Background: Pseudomonas aeruginosa (PA) is a pathogenic bacterium that causes severe pneumonia in critically ill and immunocompromised patients. Peptidylarginine deiminase (PAD) 2, PAD4, and caspase-1 are important enzymes in mediating host response to infection. The goal of this study was to determine the interplay between PAD2, PAD4, and caspase-1 in PA pneumonia-induced sepsis. Methods: Pneumonia was produced in wild-type, Pad2-/-, and Pad4-/- mice by intranasal inoculation of PA (2.5â...×â...106 colony-forming units per mouse), and survival (nâ...=â...15/group) was monitored for 10 days. Bone marrow-derived macrophages (BMDMs) were isolated for in vitro studies. Samples were collected at specific timepoints for Western blot, bacterial load determination, and flow cytometry analysis. Results: Caspase-1-dependent inflammation was diminished in PA-inoculated Pad2-/- mice, contributing to reduced macrophage death and enhanced bacterial clearance. In addition, Pad2-/- mice exhibited improved survival and attenuated acute lung injury after PA infection. In contrast, Pad4-/- mice did not display diminished caspase-1 activation, altered bacterial loads, or improved survival. Conclusions: Peptidylarginine deiminase 2 plays an essential role in the pathogenesis of pulmonary sepsis by mediating caspase-1 activation. This goes against previous findings of PAD4 in sepsis. Our study suggests that PAD2 is a potential therapeutic target of PA pneumonia-induced sepsis.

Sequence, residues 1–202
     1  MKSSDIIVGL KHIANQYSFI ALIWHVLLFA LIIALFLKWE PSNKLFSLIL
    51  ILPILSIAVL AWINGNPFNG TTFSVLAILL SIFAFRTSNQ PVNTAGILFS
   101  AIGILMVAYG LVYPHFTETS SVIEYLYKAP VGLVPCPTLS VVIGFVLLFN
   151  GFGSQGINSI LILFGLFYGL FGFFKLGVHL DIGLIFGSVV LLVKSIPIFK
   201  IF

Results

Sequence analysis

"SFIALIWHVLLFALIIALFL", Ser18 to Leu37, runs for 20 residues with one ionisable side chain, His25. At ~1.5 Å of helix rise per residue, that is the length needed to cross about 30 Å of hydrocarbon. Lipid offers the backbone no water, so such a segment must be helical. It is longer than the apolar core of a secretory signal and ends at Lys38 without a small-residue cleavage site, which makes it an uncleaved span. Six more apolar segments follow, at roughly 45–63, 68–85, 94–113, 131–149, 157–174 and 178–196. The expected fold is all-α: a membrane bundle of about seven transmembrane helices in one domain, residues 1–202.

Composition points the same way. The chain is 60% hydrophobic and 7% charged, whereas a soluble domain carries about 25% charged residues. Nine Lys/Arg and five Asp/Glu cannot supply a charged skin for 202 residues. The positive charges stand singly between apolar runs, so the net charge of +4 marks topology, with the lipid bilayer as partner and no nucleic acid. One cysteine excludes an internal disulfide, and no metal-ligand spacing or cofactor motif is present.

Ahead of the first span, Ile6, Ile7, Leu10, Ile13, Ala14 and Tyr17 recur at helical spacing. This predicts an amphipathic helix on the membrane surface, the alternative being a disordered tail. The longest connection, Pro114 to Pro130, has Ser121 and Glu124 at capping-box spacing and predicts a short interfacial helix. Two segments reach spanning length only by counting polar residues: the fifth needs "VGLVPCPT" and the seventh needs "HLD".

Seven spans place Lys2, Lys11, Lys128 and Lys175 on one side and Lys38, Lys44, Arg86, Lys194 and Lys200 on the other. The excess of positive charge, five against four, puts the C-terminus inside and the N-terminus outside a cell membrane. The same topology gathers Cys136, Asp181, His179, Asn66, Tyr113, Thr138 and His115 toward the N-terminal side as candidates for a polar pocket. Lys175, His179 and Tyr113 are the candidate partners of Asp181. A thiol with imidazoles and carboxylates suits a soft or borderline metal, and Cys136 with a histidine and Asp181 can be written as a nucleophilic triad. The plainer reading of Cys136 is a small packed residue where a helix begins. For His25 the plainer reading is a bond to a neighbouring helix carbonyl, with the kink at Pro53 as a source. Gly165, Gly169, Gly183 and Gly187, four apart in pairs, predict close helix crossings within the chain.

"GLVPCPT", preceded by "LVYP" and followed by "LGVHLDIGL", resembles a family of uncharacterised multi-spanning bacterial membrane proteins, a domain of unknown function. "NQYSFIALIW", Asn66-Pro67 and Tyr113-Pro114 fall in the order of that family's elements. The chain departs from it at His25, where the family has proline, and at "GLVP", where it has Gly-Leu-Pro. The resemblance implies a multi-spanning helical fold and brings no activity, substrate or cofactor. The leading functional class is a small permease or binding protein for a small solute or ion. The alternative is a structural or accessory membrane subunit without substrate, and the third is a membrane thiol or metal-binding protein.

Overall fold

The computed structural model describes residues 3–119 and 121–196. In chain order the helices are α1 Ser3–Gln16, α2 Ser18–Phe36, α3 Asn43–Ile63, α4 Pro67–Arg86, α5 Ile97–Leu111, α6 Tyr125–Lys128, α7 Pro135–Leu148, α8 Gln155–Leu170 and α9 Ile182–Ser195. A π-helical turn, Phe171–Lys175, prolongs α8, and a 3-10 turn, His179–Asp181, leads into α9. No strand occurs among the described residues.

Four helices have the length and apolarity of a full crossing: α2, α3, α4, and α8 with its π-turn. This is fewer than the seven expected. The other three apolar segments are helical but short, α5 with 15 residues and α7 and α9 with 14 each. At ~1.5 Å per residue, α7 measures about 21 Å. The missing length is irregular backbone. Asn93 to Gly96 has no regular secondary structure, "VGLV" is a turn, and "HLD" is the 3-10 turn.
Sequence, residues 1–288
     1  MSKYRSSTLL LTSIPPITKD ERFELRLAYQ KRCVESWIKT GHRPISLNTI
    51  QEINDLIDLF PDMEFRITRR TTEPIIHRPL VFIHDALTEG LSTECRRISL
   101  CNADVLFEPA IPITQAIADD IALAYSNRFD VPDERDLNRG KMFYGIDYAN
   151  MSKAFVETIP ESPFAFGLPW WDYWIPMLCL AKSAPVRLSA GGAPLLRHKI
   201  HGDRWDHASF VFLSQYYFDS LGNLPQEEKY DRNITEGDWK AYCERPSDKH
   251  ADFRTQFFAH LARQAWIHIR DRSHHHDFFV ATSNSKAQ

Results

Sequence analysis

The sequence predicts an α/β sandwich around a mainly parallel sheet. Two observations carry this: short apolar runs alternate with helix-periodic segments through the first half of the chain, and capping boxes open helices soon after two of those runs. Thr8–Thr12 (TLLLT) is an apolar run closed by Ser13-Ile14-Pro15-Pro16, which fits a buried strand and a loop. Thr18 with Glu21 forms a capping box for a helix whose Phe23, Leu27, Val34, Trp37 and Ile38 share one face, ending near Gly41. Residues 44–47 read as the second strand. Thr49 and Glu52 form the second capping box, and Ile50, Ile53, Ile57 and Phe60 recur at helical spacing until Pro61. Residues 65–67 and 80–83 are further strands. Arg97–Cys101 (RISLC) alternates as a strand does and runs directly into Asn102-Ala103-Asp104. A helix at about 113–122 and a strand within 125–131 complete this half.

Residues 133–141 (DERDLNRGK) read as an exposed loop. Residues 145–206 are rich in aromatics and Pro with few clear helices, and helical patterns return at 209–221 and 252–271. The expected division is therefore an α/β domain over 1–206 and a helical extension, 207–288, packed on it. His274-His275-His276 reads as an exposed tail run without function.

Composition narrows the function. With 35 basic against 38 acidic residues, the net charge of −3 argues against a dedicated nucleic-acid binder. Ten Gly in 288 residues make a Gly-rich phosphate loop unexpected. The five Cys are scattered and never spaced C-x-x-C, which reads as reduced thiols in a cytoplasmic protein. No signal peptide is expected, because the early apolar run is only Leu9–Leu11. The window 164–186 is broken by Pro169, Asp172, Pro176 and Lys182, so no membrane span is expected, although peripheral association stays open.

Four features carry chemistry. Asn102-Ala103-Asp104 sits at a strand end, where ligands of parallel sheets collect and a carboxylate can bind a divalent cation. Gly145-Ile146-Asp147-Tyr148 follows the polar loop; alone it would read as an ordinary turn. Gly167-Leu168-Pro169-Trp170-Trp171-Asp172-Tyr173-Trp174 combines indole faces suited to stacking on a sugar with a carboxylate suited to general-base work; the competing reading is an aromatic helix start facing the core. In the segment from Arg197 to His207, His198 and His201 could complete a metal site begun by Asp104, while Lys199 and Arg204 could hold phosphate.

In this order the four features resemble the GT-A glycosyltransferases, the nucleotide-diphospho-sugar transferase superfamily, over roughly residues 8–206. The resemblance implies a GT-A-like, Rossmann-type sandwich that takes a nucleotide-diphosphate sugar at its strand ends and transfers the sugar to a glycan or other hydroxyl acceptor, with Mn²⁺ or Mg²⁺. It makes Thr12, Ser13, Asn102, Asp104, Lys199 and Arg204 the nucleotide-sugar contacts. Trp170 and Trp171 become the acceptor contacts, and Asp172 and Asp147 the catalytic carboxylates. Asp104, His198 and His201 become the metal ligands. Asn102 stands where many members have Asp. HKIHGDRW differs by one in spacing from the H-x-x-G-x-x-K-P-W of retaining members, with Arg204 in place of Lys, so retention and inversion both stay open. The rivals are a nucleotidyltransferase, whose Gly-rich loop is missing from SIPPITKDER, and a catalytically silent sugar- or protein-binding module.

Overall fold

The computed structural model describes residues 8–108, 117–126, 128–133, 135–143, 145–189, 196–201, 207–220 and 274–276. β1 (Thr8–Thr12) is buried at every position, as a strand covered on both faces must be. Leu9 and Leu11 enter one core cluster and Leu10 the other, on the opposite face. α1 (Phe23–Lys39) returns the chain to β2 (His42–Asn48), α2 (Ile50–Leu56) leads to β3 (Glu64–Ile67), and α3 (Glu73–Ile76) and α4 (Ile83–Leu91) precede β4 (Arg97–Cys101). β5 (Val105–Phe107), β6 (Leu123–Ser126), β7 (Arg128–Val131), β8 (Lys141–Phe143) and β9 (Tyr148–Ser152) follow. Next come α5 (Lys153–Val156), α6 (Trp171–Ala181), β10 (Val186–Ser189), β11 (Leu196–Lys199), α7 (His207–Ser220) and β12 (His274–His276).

- Pseudomonas aeruginosa pneumonia
- peptidylarginine deiminases 2 and 4
ASJC Scopus subject areas
- Immunology and Allergy
- Infectious Diseases